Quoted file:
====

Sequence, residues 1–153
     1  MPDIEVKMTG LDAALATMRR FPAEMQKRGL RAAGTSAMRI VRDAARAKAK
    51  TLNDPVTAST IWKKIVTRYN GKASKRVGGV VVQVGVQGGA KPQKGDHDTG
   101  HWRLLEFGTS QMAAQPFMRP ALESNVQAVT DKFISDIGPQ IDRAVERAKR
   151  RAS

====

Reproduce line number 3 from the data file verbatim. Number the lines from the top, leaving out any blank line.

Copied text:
    51  TLNDPVTAST IWKKIVTRYN GKASKRVGGV VVQVGVQGGA KPQKGDHDTG